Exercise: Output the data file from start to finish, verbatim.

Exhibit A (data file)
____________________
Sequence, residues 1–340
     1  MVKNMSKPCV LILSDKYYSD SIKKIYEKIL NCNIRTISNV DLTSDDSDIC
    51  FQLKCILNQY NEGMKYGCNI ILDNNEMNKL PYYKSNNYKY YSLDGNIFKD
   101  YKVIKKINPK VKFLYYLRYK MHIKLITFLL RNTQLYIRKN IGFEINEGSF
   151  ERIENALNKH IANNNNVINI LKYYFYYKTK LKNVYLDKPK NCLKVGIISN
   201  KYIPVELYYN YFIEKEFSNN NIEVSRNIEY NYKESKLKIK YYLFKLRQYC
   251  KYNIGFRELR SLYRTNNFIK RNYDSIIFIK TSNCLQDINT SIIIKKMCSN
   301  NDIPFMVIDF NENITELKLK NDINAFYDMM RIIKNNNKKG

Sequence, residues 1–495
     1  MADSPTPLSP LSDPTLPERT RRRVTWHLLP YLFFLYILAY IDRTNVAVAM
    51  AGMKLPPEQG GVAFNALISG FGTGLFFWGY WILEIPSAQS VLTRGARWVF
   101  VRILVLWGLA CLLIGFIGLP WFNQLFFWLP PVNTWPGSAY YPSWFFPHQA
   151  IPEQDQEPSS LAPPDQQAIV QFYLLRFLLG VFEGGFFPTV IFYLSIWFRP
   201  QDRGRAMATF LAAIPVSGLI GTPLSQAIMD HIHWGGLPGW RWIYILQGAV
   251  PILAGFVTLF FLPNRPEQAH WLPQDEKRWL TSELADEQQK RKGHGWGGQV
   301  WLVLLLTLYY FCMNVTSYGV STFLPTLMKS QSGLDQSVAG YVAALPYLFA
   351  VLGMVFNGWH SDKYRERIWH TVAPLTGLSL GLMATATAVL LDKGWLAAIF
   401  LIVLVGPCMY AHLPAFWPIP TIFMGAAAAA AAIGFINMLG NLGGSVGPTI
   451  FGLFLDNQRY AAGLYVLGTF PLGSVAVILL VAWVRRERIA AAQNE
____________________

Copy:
Sequence, residues 1–340
     1  MVKNMSKPCV LILSDKYYSD SIKKIYEKIL NCNIRTISNV DLTSDDSDIC
    51  FQLKCILNQY NEGMKYGCNI ILDNNEMNKL PYYKSNNYKY YSLDGNIFKD
   101  YKVIKKINPK VKFLYYLRYK MHIKLITFLL RNTQLYIRKN IGFEINEGSF
   151  ERIENALNKH IANNNNVINI LKYYFYYKTK LKNVYLDKPK NCLKVGIISN
   201  KYIPVELYYN YFIEKEFSNN NIEVSRNIEY NYKESKLKIK YYLFKLRQYC
   251  KYNIGFRELR SLYRTNNFIK RNYDSIIFIK TSNCLQDINT SIIIKKMCSN
   301  NDIPFMVIDF NENITELKLK NDINAFYDMM RIIKNNNKKG

Sequence, residues 1–495
     1  MADSPTPLSP LSDPTLPERT RRRVTWHLLP YLFFLYILAY IDRTNVAVAM
    51  AGMKLPPEQG GVAFNALISG FGTGLFFWGY WILEIPSAQS VLTRGARWVF
   101  VRILVLWGLA CLLIGFIGLP WFNQLFFWLP PVNTWPGSAY YPSWFFPHQA
   151  IPEQDQEPSS LAPPDQQAIV QFYLLRFLLG VFEGGFFPTV IFYLSIWFRP
   201  QDRGRAMATF LAAIPVSGLI GTPLSQAIMD HIHWGGLPGW RWIYILQGAV
   251  PILAGFVTLF FLPNRPEQAH WLPQDEKRWL TSELADEQQK RKGHGWGGQV
   301  WLVLLLTLYY FCMNVTSYGV STFLPTLMKS QSGLDQSVAG YVAALPYLFA
   351  VLGMVFNGWH SDKYRERIWH TVAPLTGLSL GLMATATAVL LDKGWLAAIF
   401  LIVLVGPCMY AHLPAFWPIP TIFMGAAAAA AAIGFINMLG NLGGSVGPTI
   451  FGLFLDNQRY AAGLYVLGTF PLGSVAVILL VAWVRRERIA AAQNE